<Photo – the Bank District, Downtown Halifax> The “Industry” is in town, and making itself at home. . . . 2021 is predicted to be that city’s busiest movie business in years. Executive Director of ‘Screen Nova Scotia’, Laura Mackenzie said “I’d say probably between August and December of 2020, I was on the phone all day long with studios wondering what was happening in Nova Scotia,” The answer came from Ms. Mackenzie, who heard from all the large U.S. streaming services. Preparing to support major productions and series means dealing with visitors and their upcoming creations. In 2015 the Nova Scotia government cut the film tax credit, a 50-65% refundable corporate income tax credit for shows hiring provincial personnel. <Photo by The Toronto Star – The film above is the crew for a Halifax legal drama. Things look better these days with foreign service productions, and reliable N.S. money for labour, accommodations and locations. Ms. Mackenzie also said finding studio space for out-of-town productions needing interiors, it can be as challenging as finding available crews, and competing for warehouse space. There’s so much more that can be said, but this gives some idea of what’s happening in and around Nova Scotia’s capital city. As one who worked for about 40 years in television and was born in Nova Scotia, (that’s me, David Moore) I can happily say “Good luck Haligonians, and may this new achievement be a solid part of Nova Scotia and Atlantic Canada.”
Blair McKeil has purchased Theodore, and will share the Maritimes with Ontario. Built in 2000 for a television series, the tug left Dayspring, Nova Scotia. and headed for Halifax and fame as a children’s TV star. Anyone who has visited the capital has no doubt seen Theo chugging up and down the Harbour and under the bridges. Former owner, Ambassadors Gray Line, received inquiries from Arizona and California, but the tug went to Mr. McKeil, who has Nova Scotia roots. His father and grandfather came from Pugwash and his maternal grandfather from Mabou, Cape Breton. HAMILTON’s children will soon be traveling onboard the one-and-only Theo Too. “We feel very fortunate to have Theodore,” said Mr. McKeil.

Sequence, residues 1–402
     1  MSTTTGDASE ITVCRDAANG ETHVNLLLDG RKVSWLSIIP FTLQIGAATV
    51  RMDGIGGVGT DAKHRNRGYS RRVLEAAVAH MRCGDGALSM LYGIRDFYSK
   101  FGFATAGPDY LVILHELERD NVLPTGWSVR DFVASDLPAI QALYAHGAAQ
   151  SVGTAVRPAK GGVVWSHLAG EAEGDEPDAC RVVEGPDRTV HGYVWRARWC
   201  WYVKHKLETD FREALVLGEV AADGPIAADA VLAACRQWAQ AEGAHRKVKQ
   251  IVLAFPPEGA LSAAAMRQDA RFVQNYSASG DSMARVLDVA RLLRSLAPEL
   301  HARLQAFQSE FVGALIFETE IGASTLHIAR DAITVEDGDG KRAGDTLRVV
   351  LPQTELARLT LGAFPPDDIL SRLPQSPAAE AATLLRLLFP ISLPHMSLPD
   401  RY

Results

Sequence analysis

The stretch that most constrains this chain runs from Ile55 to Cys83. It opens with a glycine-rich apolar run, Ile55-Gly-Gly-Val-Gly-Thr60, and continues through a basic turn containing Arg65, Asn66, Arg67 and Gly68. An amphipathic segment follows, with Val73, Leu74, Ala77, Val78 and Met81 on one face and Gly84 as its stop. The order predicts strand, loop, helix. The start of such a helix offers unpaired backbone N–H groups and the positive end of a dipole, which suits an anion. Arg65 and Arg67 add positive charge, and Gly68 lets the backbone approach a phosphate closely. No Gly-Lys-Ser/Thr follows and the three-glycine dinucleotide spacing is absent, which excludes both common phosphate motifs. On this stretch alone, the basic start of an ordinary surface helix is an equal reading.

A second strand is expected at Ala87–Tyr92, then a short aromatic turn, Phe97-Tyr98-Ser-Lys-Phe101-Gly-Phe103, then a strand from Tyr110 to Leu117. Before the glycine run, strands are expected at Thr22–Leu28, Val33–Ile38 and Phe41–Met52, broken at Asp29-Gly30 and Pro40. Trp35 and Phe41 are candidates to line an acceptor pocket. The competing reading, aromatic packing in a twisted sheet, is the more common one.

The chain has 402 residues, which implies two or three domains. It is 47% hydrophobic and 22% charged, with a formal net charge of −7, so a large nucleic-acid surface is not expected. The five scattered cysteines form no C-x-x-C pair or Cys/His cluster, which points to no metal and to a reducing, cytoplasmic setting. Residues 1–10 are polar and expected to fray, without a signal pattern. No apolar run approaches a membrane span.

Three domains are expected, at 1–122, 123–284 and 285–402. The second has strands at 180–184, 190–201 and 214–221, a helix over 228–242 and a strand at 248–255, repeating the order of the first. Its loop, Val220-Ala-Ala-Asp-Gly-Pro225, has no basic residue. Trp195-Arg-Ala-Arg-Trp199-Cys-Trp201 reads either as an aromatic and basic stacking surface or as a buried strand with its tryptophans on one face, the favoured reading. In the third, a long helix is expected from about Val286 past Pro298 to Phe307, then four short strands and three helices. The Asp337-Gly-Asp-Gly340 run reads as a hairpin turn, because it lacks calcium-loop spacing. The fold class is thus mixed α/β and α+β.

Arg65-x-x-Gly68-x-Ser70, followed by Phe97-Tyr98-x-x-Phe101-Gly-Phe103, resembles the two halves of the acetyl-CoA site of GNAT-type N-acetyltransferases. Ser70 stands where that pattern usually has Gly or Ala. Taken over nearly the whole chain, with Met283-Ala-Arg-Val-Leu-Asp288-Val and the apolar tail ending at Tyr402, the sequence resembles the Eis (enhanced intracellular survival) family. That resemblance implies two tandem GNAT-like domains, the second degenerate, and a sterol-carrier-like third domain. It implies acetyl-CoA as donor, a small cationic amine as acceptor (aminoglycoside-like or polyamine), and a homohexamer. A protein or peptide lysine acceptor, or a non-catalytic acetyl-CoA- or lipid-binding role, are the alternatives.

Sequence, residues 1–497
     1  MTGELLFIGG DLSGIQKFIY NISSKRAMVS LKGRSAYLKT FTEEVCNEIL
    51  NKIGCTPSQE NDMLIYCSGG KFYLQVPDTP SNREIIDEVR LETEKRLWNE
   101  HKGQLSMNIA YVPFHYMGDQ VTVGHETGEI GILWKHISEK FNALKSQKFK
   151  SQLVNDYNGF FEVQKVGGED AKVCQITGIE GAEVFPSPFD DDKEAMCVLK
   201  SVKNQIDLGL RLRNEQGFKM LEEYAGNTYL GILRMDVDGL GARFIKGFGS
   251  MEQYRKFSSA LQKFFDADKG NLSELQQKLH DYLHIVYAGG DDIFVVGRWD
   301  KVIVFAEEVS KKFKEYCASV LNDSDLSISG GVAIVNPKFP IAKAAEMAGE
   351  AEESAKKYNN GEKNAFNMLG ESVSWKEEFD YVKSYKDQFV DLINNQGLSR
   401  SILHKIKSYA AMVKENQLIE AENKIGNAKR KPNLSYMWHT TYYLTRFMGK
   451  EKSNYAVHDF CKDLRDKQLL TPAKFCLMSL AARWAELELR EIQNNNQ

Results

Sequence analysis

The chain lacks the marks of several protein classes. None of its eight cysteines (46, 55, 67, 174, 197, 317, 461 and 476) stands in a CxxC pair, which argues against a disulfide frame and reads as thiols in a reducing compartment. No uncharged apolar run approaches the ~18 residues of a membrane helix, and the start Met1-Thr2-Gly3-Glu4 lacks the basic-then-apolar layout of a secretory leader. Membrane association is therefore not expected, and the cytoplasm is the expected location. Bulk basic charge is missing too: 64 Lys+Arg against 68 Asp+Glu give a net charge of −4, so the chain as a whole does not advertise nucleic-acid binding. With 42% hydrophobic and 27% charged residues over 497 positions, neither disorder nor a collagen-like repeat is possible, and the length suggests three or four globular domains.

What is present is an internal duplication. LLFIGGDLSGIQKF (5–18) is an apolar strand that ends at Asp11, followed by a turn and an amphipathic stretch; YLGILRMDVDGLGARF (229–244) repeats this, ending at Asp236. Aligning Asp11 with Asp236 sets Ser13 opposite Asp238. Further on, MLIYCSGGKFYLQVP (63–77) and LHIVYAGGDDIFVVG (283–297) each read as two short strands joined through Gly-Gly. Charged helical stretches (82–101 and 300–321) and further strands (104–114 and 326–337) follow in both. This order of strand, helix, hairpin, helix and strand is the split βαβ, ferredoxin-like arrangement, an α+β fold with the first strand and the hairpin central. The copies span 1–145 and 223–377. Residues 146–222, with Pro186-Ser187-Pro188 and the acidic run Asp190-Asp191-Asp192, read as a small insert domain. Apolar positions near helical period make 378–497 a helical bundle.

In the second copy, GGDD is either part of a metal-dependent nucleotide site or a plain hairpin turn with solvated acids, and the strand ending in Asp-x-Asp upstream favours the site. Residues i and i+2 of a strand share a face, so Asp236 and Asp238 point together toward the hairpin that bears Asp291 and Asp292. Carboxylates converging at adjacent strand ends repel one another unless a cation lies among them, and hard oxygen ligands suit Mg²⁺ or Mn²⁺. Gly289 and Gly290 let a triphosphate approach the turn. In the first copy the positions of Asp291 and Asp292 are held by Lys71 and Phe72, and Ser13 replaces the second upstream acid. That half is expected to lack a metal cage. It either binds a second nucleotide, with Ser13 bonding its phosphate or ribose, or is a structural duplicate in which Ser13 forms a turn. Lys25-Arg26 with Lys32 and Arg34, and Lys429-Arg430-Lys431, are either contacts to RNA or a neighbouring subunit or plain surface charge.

Like the rest of us,the Parisians are dealing with pandemic lockdowns. Their city – our city – is just making do with what’s available – and that’s far less than normal. But they’re trying and so are we. Having spent five solid months in Paris, I fell in love with it in the 1980’s, learning to speak and write in French, and always exploring. Above, the deserted Rue de Rivoli enduring a nationwide curfew, from 8 p.m. to 6 a.m., due to restrictions against spreading coronavirus in France, Credit: Reuters Photo/Gonzalo Fuentes Before Covid-19 arrived I was planning to fly back and see it all again – the museums, galleries, riding the buses and metro, some of the oldest theatres in the world, tiny cinemas and their festivals, the antique markets, year-round carousels, restaurants and patio dining, the parks and gardens, the people themselves, the hookers themselves greeting passersby – and the magnificent skies after a rain. Who wouldn’t go back? But it’s not all there right now.Saul Bellow, the American-Canadian writer <photo – Literary Arts> had this to say in 1983: “A gray sadness has settled over the city like a fog. Parisian gloom is not simply climatic. It is a spiritual force that acts not only on building materials, on walls and rooftops, but also on your character, your opinions and your judgement. It is a powerful astringent.” A powerful statement from Mr. Bellow.In my French class at the Eurocentre, some fellow students were hoping to avoid the “Parisian grisaille” (the gray skies) and fly south for the holidays. Some were seduced by Air France, whose advertising used the word “grisaille”, something to avoid if we could.For me, grisaille was only atmospheric – rain, wind and cold. But believe me, some days the sun did shine and then the city was splendid.I know Paris will be back, and I’ll be there to love it all over again.